A-Frame gantries are a crane used for industrial lifting. It is a type of crane that is not fixed to the structure of a building in the way that overhead gantry cranes are. These cranes are known across the industry under a number of different names such as A-Frame cranes, A-Frame lifting gantry, light duty gantry cranes or mobile A-Frame gantry. They are generally used for lifting light to medium loads.

As the name suggests, it has two ‘A’ shaped legs. These legs support a horizontal beam that is bolted to the legs to create a strong framework, capable of taking heavy loads. The mobile A-Frame gantry is very similar in design except that it has a set of wheels attached to it that make it mobile.

Installing an A-Frame gantry

The A-Frame gantry is usually bolted to the floor for stability. It has special plated feet that are designed for this purpose. However, A-Frame gantries can be easily dismantled as and when required by simply removing the bolts. Once it is moved to a new location, it needs to be bolted down again. It is not essential to bolt down the gantry though, and it performs just as well without the bolt-down procedure. This allows the gantry to be used in several areas without the hassle of having to install it every time. Installation of the gantry should be checked by a competent service provider.

A-frame gantries

An A-Frame gantry derives its name from it’s A shaped legs

Advantages of an A-Frame gantry

So, it’s great for lifting in different areas within the same work environment. The heavy base-plates provide a great amount of stability, preventing the frame from toppling over. It provides a cost effective, movable solution for lifting heavy loads without having to undergo the expense of installing a permanent fixture in the workplace. The gantry can be easily transported in the back of a truck to a new location, where it can be put to use again. Health and safety norms are of paramount importance when using lifting equipment, in order to prevent accidents. A gantry should never be moved when the load is on it. This can be extremely dangerous and may cause the gantry to topple over, creating an extremely hazardous situation.

An A-Frame gantry is usually made out of aluminium or steel. The aluminium models are lighter than the mild steel ones. While they can be easily put together by one person, it usually requires two or more people to hoist it up to standing position. These gantries are equipped with height adjustable features depending on the load. They can usually hoist up to 2 to 5 tonnes of weight. A-Frames are not as expensive as other lifting devices and are extremely efficient crane systems for lifting heavy loads. So, it could be just what you need.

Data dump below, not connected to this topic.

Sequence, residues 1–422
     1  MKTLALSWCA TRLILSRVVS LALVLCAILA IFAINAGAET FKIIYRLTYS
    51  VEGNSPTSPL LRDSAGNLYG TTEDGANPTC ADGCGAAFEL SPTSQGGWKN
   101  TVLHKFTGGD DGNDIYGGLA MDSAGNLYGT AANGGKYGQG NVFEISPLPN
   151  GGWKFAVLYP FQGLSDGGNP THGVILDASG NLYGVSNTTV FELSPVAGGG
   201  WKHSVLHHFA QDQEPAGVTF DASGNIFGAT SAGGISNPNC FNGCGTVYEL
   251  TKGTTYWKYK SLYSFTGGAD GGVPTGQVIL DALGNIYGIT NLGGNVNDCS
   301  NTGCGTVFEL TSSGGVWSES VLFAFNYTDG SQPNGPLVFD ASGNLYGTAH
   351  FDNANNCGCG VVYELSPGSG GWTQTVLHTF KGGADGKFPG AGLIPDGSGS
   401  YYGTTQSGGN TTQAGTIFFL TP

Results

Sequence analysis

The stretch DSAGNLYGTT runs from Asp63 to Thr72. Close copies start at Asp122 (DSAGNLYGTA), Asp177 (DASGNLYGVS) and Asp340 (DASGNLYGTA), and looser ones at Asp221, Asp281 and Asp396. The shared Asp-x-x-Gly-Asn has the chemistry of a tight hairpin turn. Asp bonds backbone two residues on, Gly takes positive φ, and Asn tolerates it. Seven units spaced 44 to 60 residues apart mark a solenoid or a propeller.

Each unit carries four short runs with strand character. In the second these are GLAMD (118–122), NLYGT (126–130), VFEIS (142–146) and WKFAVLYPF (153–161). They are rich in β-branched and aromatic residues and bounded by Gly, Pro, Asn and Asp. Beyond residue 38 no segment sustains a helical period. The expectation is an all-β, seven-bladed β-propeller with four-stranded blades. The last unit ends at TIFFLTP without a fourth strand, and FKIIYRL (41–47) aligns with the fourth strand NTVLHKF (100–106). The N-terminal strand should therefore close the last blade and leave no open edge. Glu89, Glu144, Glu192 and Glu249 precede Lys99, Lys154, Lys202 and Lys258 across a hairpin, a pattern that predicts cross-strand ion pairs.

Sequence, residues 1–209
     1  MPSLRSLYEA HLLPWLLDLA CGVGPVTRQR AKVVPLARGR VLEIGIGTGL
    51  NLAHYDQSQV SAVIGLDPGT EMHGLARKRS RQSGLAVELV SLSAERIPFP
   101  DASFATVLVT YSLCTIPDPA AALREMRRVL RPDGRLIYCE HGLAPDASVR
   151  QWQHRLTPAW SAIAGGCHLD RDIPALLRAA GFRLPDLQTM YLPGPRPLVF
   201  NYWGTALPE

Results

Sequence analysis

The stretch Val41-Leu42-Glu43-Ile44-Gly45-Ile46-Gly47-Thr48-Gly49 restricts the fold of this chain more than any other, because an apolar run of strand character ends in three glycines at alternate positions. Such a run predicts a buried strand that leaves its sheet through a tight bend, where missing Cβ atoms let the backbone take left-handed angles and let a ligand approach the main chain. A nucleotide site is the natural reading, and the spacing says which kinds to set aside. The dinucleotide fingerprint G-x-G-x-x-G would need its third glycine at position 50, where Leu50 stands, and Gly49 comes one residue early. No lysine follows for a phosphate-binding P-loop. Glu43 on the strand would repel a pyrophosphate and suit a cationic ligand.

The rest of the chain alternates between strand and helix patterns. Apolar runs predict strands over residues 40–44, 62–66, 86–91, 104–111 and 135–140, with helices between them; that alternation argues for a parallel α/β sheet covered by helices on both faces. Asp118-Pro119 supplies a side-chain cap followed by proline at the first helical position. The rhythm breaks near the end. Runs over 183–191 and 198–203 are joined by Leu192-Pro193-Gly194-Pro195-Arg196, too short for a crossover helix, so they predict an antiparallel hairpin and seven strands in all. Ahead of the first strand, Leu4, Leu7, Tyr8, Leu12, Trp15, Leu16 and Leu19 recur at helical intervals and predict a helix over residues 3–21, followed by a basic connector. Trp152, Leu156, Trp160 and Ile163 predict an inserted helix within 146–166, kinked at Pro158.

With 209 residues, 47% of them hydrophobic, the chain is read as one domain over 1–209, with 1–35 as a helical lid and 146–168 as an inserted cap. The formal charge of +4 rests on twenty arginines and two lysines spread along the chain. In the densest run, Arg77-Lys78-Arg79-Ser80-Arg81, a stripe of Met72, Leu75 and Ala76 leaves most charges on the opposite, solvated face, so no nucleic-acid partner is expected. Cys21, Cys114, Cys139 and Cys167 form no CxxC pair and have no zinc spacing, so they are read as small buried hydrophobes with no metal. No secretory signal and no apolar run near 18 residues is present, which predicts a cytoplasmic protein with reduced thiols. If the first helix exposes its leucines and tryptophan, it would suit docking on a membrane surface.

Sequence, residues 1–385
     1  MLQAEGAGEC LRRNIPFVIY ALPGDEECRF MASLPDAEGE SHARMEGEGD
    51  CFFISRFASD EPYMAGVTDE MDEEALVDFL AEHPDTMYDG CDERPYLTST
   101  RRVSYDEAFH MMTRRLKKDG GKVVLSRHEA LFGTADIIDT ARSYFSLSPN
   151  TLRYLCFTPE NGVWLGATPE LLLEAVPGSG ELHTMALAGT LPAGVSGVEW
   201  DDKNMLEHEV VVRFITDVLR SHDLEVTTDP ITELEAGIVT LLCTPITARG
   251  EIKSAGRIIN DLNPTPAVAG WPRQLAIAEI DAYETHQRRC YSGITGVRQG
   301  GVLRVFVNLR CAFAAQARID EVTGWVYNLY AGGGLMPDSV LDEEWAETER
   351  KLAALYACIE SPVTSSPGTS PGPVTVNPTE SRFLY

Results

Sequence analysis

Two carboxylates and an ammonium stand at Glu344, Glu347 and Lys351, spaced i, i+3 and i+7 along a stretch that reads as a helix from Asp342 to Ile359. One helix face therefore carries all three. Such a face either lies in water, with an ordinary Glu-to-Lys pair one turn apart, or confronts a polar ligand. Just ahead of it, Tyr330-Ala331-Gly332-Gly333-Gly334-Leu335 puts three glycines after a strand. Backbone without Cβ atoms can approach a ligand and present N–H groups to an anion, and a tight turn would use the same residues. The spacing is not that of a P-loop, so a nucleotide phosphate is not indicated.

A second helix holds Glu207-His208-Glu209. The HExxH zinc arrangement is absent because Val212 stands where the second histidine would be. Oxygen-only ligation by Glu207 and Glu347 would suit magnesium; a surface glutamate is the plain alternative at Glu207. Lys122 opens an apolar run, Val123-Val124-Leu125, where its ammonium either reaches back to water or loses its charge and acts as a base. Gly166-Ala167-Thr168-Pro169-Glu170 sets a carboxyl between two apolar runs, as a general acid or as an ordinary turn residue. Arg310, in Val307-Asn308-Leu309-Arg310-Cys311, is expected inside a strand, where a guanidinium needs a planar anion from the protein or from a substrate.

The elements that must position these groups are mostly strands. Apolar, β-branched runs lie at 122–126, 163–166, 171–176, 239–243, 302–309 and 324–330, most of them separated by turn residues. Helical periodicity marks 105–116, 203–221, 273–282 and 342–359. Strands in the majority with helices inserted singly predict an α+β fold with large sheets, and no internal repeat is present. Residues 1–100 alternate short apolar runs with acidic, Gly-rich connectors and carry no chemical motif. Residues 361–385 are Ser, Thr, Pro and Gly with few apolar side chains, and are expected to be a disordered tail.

How are A-frame gantries used?

So, how do A-Frame gantries work? When the gantry is installed, the load is taken to the gantry and placed underneath. The gantry is then positioned above the load that is to be lifted. A beam clamp is usually required, which is fixed to the horizontal beam on the gantry. Another alternative is a beam trolley that moves along the beam, as required. The trolley can be manually operated or via a powered system for ease of use.

Several other lifting devices can be loaded onto the beam. These include an electric or lever hoist, a chain block or a lifting magnet. The load can then be attached to the appropriate lifting appliance, hoisted and moved. Additional safety features such as isolator switches or a cable management system can make the entire operation hazard free. These gantries are typically used in manufacturing operations, where large parts need to be moved within or out of a work environment. They may also be used in larger warehouses, where they are used to carry bulky or heavy loads across the warehouse.

Contact us for all your gantry requirements

If you need to know more about buying an A-Frame gantry or wish to discuss your gantry requirements, please call us on 01384 76961 or contact us by clicking here. Our team of experts are very helpful and would love to help you buy the right gantry for your business.

 

Photo Credit: 100 Minories

 

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